Wednesday, 16 May 2012

Emoticons @ work: :-) or :-(?

We see emoticons in almost all modern media of communications: in emails, text messages, various chat services, even in surveys! Thus it is obvious that they find their way into business communication as well, even into letters of application. But how does their usage change the way applicants are perceived by recruiters and thus their chance of being offered a job?

Lori Foster Thompson and Alexandra K. Mullins form North Carolina State University and their colleagues Jamin B. Halberstadt from the University of Otago and J. Brian Robinson from George Mason University were interested in exactly this question. In their study, they had students rate applications from men vs. women that used or did not use emoticons in their applications. They found that the use of smileys evokes feminine stereotypes like for example warmth. This can be favourable when applying for a “female” job, but is certainly detrimental when applying for a “male” job that requires dominance and confidence. As applicants who use emoticons are viewed as less professional and thus their chance of being hired is lower. It seems that men are viewed more negatively when using them than women, and this is the case especially when they are being evaluated by a man.

The study was presented at the 2012 SIOP Conference in San Diego. The study was a follow up on a study presented at the 2010 SIOP Conference in Atlanta. This study which found that the use of smileys evokes feminine stereotypes and is detrimental to applications on jobs requiring dominance and confidence is described on the SIOP homepage. The conclusion that can be drawn from both studies is that the use of emoticons in letters of application is not recommended L.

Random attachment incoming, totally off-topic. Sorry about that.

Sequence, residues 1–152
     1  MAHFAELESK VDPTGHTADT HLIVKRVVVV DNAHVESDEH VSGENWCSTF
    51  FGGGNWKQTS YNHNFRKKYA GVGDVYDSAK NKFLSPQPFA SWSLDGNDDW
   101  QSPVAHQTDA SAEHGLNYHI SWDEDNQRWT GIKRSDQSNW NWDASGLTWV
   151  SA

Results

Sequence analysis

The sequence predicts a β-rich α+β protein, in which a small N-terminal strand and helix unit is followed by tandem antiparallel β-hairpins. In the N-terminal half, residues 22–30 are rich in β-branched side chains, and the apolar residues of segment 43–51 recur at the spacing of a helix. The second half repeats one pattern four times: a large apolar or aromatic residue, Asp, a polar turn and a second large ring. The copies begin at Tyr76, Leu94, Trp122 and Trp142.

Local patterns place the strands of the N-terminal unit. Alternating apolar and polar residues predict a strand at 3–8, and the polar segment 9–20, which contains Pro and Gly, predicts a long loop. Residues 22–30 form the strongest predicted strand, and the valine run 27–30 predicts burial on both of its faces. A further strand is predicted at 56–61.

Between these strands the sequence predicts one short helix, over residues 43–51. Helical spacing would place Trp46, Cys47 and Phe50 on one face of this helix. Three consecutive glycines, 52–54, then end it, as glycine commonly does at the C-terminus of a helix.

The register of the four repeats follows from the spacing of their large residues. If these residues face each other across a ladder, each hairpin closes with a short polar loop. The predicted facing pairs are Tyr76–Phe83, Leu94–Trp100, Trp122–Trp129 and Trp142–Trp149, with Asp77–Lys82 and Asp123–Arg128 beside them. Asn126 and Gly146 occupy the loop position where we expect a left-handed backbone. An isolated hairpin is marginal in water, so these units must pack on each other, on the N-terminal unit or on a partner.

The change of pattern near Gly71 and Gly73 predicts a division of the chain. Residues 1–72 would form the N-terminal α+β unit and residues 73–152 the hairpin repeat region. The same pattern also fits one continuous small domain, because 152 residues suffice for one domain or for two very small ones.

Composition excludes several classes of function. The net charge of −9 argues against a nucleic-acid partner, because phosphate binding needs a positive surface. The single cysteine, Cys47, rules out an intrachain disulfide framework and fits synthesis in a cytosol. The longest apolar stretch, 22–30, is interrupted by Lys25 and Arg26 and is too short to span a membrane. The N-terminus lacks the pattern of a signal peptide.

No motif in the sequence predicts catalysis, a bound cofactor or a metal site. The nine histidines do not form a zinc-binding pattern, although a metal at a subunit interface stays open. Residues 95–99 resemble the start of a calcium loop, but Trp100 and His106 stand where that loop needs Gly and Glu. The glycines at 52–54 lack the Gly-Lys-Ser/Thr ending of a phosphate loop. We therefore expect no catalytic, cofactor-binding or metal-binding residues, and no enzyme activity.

This might not be a surprising result. Use of smileys makes applicants appear unprofessional und is thus detrimental to their chances of being hired. But one of the goals of scientific research is to test whether “common knowledge” really has a basis. Sometimes beliefs are confirmed, sometimes they are not.

The paper also contains some other interesting ideas. For example, in face-to-face conversations, smiles are used as a communication tool rather than as expressions of happiness. In written correspondence, this channel of communication is not available. The use of smileys can therefore be seen as a kind of substitute for this missing channel.

Furthermore, smiling is attributed more to women than to men. During face-to-face communication it denotes warmth, a female attribute. Again, in written communication, the smiley can be seen as a substitute for the smile and thus leads to be perceived more female.

Thus, the study once more draws our attention to the fact that modern ways of communicating are far from being substitutes for the “old-fashioned” face-to-face communication. The question is: what do modern means of communication have to be like in order to get as close to face-to-face communication as possible? We will keep track of the topic.

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